When a manager becomes aware of poor performance, what generally happens? Unfortunately, the manager often waits too long to speak with his or her direct report, hoping the negative behavior will fix itself. Therein lies the biggest problem. It’s not about healing disengagement, it’s about prevention. By the time active disengagement becomes apparent, the damage is done. Look at these statistics:
Poor performance by co-workers is the number one reason that dedicated and caring – engaged – employees leave their jobs. In a recent survey conducted by The Kabachnick Group, more than 1,500 executives and front-line people were assessed. The majority – 92 percent – agreed that their companies do not identify or deal with poor performers. Our recent studies also show that most people spend 80 percent of their time doing tasks and only 20 percent of their time achieving results.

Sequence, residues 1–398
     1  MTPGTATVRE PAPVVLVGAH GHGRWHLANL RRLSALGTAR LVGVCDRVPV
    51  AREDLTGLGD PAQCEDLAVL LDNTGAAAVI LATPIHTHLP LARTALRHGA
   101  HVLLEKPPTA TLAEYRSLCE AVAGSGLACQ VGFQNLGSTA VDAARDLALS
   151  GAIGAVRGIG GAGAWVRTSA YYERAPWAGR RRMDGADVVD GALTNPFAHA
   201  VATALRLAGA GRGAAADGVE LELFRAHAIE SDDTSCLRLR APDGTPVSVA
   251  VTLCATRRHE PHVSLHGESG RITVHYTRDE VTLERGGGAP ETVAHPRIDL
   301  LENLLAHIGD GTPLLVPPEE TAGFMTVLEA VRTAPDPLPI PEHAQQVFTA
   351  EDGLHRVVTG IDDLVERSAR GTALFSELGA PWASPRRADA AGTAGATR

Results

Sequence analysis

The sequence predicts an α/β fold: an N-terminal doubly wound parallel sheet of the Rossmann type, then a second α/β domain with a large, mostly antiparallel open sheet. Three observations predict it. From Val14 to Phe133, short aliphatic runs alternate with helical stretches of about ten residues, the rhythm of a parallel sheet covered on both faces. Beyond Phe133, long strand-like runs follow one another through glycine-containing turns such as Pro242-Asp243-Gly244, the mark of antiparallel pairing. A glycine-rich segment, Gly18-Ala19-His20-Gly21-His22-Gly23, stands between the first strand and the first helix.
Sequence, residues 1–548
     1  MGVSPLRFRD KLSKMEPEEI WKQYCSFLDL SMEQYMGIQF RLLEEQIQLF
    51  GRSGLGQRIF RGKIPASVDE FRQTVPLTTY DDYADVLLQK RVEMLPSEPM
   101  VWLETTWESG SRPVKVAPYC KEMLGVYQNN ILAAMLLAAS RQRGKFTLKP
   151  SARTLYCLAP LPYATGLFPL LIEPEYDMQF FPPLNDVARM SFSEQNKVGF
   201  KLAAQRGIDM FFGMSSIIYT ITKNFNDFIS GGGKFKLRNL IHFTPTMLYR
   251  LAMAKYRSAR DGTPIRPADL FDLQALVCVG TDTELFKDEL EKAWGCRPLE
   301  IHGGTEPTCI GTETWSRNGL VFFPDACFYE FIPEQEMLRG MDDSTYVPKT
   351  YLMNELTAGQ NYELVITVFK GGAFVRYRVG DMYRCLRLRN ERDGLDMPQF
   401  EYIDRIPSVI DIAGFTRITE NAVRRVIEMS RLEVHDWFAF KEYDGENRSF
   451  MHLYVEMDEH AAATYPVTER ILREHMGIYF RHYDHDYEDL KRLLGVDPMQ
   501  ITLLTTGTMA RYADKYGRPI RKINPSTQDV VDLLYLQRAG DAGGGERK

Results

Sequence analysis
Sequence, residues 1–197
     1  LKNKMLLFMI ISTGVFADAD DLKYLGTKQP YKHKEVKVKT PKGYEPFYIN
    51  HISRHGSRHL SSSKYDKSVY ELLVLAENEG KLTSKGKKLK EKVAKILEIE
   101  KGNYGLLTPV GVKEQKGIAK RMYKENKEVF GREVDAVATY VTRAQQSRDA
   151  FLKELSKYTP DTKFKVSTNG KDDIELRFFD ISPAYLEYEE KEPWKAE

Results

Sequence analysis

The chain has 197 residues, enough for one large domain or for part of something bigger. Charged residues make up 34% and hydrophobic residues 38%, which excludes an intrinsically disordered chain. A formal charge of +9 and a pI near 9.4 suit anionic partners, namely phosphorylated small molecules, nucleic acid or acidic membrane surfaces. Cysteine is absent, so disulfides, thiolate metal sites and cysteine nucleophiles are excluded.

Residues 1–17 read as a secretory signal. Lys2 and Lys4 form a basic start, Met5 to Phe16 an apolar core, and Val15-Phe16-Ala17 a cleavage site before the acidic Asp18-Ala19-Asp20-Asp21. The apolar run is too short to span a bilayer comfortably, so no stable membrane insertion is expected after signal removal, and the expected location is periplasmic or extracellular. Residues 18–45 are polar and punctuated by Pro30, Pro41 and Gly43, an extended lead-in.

Therefore, it is critical for managers to be sensitive to and aware of every report’s job satisfaction status. Frequent conversations and involvement with the employee’s views, preferences, and goals are a must. However, if disengagement has already set in, a thorough assessment must be completed before any solution initiatives are prescribed. Trying to determine reasons for or causes of disengagement by simply asking the employee is like determining a heart condition by listening to the heart. Management needs to know the exact root of the disengagement and define the focus of improvement. In addition, the worker must agree that these assessment analyses are correct. Opinion has no role here.